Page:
Stimulation of Epstein-Barr virus-infected human B cell growth by physiological concentrations of 4-hydroxynonenal

Dinesh Ranjan, Changguo Chen, Thomas D. Johnston, Hoonbae Jeon, Mohamed Ibrahim, Jennifer Drake, D. Allan Butterfield

Research output: Contribution to journalArticlepeer-review

4 Scopus citations


We had previously shown that cyclosporin A (CsA) directly promoted the immortalization of Epstein-Barr virus (EBV)-infected human B cells (EBV-B cells) via an oxidative stress mechanism. 4-Hydroxynonenal (HNE) is a reactive end-product of lipid peroxidation. We hypothesized that HNE may mediate a direct oxidative stress-promoting effect of CsA on EBV-B cells. HNE-protein adducts in CsA-treated EBV-B cell extracts were assayed immunochemically using a Slot-Blot method. Cell proliferation was assayed by [3H]-thymidine incorporation. EBV oncogene latent membrane protein-1 (LMP1) expression was assayed by using PE-conjugated anti-LMP1 antibody in flow cytometry. We found that CsA at 500 ng ml-1 and 1000 ng ml-1 significantly increased the level of HNE-protein adducts in EBV-B cells over the control (arbitrary units ± SE) by 251.3 ± 7.5 to 361.3 ± 9.7 and 342.7 ± 10.7, respectively (p < 0.05, n = 3). EBV-B cells treated with a physiological concentration of HNE (1 μM) for 0.5 and 1 h and cultured for 2 and 4 weeks showed significantly increased [3H]-thymidine incorporation. EBV-B cells treated with HNE (1 μM) for 1 h and subsequently cultured for 2 and 4 weeks had a significantly higher (> 2.0 times) LMP1-positive cell population over the control. In conclusion, in accordance with our previous findings, we show that CsA treatment of EBV-B cells results in increased production of the lipid peroxidation reactive end-product HNE that directly promotes EBV-B cell proliferation and LMP1 expression. This observation provides evidence for further understanding the mechanism of CsA-induced oxidative stress on EBV-related post-transplant lymphoproliferative disorder (PTLD).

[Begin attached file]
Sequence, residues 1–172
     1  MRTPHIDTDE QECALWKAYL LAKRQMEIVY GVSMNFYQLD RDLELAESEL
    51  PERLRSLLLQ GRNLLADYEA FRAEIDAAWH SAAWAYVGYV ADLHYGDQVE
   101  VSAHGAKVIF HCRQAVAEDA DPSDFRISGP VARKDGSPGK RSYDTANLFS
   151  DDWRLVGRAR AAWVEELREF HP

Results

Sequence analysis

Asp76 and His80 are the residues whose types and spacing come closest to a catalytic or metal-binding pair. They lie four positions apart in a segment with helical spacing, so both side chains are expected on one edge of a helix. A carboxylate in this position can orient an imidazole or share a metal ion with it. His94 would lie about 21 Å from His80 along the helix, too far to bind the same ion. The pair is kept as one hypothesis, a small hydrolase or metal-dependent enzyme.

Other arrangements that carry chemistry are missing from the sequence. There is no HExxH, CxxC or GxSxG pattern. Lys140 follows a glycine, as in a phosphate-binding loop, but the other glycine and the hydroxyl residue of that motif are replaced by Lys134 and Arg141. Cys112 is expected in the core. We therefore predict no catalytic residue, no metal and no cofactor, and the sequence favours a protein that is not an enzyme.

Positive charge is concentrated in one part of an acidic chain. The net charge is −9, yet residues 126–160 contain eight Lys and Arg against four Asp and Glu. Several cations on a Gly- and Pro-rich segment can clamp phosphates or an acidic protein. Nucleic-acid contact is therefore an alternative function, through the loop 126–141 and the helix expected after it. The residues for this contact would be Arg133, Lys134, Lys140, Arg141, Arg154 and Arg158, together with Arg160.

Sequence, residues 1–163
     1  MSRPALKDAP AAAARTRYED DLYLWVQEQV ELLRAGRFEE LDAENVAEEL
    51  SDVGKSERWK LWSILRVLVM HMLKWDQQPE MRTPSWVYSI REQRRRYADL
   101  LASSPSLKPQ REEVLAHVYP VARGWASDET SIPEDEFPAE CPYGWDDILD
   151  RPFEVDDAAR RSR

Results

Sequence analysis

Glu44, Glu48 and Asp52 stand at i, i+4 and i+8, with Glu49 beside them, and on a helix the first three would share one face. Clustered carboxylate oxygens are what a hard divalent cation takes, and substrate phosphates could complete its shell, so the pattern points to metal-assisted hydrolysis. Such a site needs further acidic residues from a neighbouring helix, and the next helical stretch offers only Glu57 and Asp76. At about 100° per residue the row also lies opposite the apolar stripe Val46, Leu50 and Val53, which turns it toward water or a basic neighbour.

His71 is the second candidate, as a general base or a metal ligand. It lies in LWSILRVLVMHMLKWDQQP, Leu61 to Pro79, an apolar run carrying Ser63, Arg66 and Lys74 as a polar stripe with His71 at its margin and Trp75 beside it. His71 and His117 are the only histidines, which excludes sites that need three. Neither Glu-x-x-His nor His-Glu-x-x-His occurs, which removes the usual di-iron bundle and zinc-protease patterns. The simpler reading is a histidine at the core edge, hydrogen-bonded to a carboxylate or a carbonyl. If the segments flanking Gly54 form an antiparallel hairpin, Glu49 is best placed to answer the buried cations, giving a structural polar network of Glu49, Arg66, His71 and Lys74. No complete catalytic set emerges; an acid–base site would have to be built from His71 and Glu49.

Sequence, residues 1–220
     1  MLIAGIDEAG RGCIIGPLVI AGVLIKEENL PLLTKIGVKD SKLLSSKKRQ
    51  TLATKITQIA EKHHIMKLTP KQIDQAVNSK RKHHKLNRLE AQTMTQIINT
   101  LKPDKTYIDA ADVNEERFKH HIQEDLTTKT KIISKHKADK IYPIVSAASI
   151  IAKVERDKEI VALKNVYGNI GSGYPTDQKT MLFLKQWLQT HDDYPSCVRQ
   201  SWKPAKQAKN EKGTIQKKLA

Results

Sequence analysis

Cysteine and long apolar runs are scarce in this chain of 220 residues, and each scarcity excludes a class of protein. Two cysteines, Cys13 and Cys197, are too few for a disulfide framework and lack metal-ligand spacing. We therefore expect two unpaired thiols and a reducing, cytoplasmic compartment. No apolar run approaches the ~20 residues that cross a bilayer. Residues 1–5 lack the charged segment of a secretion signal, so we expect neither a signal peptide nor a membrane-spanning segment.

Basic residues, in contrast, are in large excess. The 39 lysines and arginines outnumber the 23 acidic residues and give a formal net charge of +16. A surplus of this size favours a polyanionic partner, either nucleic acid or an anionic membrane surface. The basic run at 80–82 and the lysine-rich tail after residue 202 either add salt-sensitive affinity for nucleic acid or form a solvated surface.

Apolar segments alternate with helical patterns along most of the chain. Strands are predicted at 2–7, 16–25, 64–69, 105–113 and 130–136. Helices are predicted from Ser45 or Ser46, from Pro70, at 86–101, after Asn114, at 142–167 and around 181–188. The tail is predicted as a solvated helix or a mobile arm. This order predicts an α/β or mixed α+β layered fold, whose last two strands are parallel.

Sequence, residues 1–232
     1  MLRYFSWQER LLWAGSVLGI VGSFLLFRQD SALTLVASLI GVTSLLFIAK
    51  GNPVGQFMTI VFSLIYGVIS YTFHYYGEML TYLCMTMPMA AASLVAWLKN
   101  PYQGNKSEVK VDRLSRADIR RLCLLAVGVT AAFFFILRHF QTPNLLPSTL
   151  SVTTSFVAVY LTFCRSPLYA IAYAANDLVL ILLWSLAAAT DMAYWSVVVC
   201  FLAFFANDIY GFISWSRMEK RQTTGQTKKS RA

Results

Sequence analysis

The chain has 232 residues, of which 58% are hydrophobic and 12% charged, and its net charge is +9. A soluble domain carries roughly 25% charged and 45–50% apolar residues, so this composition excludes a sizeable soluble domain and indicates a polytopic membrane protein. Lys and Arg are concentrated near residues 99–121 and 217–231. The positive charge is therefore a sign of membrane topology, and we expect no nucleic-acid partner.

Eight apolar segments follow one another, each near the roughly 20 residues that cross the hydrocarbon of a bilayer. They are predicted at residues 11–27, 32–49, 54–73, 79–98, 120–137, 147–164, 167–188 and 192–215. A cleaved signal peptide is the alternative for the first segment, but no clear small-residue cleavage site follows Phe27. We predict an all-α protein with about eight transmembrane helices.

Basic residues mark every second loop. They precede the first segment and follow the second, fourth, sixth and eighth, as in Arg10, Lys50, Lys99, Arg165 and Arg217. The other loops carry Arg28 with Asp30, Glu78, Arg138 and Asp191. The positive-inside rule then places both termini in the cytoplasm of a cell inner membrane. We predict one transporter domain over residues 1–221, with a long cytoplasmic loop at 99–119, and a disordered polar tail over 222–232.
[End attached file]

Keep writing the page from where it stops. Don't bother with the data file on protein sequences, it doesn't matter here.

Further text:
Original languageEnglish
Pages (from-to)147-152
Number of pages6
JournalCell Biochemistry and Function
Issue number2
StatePublished - Mar 2006


  • 4-Hydroxynonenal
  • Cyclosporin A
  • Epstein-Barr virus
  • Human B cells
  • Lipid peroxidation
  • Oxidative stress
  • Post-transplant lymphoproliferative disorder (PTLD)

ASJC Scopus subject areas

  • Biochemistry
  • Clinical Biochemistry
  • Cell Biology


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